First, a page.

13. I have my doubts about the lawsuit (these class action suits tend to really only benefit the lawyers), but whether or not this food actually killed dogs, or if they can prove it, there is obviously nothing healthy about it. I hope the lawsuit at least brings that to light, and has people that feed this to their dogs questioning it. I have friends who feed it to their dogs and I have told them time and again that it’s garbage, but they choose not to listen. I really just can’t believe that people are sucked in by the pretty colors.
    Jan K recently posted…Fighting K9 Cancer Through Healthy LivingMy Profile

  14. I’ve had this conversation recently with someone that was feeding their dog this crap – I can’t even call it food. I think some people just want to believe what they want to believe. It’s amusing to me how many people know that I am really conscientious about what I feed Blueberry, how I train her, exercise her, etc and so they will come to me for advice. And then if what I tell them sounds too hard or too different from what they’ve been taught, they ignore me. I am not an expert by any stretch of the imagination, nor try to convince anyone of that. So why do they ask if they don’t want sound advice? I wish people would stop to think about the fact that some of these companies spend a LOT of money trying to convince us of how great their product is. If it really is that great, it will speak for itself. That’s like the commercials that try and convince people certain sugary cereals are health or chips are wonderful and should be eaten all the time. Most commercials encourage the general population to do really unhealthy things. It would be nice to see people wake up and smarten up.

    I get that not everyone can afford the really top tier dog foods and will buy the best they can. But really? Beneful is right down there with Ol’ Roy (another truly awful dog “food”).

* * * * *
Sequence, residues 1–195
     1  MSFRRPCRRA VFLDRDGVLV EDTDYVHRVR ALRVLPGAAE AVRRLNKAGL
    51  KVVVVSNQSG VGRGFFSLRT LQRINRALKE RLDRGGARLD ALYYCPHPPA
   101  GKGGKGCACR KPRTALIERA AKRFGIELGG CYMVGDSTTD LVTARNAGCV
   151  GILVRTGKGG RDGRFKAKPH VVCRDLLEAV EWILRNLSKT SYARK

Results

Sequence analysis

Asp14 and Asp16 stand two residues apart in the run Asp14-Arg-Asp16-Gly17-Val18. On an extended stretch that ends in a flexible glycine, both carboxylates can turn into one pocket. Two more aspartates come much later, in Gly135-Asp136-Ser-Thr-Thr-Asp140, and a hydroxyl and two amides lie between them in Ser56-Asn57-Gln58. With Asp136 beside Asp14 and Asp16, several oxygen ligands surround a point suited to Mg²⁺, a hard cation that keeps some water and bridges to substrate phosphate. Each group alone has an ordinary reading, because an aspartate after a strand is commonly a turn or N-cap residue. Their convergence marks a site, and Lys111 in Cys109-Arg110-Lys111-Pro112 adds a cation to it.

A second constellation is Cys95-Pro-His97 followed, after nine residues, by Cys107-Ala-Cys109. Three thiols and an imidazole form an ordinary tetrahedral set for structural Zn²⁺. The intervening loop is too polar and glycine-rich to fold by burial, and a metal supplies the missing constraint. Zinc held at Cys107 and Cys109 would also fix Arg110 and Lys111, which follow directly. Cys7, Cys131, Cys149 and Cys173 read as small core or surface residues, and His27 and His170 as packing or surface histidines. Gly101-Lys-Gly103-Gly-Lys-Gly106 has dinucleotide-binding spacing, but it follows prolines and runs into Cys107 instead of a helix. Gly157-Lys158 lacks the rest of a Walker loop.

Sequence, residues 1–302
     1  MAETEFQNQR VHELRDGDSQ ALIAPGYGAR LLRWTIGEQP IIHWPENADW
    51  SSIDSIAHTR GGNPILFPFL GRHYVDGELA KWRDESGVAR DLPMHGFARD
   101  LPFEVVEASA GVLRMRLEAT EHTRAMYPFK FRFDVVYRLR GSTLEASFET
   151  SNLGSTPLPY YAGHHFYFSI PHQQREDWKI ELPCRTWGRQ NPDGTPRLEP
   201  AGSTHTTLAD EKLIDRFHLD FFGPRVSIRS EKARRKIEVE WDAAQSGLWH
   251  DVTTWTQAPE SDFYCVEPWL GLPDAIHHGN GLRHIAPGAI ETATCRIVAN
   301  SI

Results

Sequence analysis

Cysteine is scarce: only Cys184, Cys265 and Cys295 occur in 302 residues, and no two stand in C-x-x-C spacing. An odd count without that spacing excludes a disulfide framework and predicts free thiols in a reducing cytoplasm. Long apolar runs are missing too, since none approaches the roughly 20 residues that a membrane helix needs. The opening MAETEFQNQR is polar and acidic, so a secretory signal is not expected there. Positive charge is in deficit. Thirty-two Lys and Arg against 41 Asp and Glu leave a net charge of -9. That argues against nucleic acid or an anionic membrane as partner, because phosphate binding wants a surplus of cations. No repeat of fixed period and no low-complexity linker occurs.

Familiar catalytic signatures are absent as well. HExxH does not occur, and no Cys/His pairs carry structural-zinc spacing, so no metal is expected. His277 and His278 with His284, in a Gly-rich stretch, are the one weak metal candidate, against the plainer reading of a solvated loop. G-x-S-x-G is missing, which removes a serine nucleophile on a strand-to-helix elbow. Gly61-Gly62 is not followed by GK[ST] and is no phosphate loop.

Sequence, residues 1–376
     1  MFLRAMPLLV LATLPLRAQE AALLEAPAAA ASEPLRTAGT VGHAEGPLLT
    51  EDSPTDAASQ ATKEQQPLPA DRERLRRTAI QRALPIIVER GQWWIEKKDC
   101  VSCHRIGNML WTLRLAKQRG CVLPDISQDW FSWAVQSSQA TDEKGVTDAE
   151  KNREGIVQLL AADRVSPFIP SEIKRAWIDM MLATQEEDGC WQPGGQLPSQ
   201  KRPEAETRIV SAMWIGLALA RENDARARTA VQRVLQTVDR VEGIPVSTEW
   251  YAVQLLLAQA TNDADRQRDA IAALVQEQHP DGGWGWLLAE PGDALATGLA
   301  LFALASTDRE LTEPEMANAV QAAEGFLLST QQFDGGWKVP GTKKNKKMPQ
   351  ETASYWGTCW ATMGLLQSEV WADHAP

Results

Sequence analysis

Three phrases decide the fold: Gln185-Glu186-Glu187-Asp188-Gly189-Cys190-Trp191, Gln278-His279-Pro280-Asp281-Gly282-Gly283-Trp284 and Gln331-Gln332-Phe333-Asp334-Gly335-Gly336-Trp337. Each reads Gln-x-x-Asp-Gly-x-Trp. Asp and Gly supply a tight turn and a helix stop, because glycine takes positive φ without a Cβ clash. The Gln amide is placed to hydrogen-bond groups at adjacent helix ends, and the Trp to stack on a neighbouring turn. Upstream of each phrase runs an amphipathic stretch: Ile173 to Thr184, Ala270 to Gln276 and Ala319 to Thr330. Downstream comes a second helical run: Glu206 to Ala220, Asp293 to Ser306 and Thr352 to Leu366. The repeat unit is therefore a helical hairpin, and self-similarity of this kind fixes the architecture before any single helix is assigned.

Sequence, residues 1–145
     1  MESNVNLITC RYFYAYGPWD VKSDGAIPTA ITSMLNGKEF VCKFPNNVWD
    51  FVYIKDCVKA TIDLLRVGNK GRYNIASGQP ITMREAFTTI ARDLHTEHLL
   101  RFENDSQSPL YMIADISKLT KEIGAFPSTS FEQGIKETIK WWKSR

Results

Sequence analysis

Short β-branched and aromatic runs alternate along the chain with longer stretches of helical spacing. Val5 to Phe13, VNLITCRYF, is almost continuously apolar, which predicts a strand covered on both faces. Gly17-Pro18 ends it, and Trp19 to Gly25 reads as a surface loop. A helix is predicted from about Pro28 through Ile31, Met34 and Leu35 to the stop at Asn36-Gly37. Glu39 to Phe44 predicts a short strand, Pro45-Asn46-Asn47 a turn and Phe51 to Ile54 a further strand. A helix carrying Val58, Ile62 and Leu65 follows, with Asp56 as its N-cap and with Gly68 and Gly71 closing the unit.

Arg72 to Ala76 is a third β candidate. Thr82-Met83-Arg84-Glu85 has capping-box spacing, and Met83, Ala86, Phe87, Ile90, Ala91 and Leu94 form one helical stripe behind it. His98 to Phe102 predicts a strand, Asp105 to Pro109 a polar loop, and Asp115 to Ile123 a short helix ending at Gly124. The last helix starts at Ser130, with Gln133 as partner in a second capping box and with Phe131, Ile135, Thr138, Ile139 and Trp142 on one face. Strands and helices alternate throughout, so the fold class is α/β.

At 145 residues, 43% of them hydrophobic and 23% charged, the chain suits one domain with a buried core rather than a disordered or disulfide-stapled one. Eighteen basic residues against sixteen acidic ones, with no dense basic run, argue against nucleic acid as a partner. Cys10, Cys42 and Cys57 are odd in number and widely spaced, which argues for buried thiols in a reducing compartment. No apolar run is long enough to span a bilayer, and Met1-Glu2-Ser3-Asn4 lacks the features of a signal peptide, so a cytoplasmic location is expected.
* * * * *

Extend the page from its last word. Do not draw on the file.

Sorry, rant over.
    Blueberry’s human recently posted…Blue SkiesMy Profile

    • No problem – we’re glad to give folks a forum to rant 🙂 You are exactly right though, people ask for advice, but what they really want is validation that what they are doing is fine. HOpe this wakes some folks up.
      mkob recently posted…Purina Lawsuit: Is Beneful Dog Food Harmful to Dogs?My Profile

  15. So many popular dog foods are just full of crappy ingredients. As consumers, we really need to learn how to understand the food labels for kibble. I work with people on understanding nutrition labels and to start we always focus on the first five ingredients (since labels go in order from highest to lowest quantity – as you know). If a non-nutritious ingredient is in the top five, we avoid that product. This helps in the beginning as it can be overwhelming to learn how to read labels. The same practice can be applied to a dog food label to help people be more aware of what they are feeding their dog.
    It’s Dog or Nothing recently posted…Look Who’s Happy All Year LongMy Profile

  16. You are absolutely right. Pet owners need to read labels. Many only look at the price tag. It’s unfortunate. I urge anyone who wants a dog to educate themselves on nutrition, training, and exercise. Our pets rely on us for life. It’s the least we can do.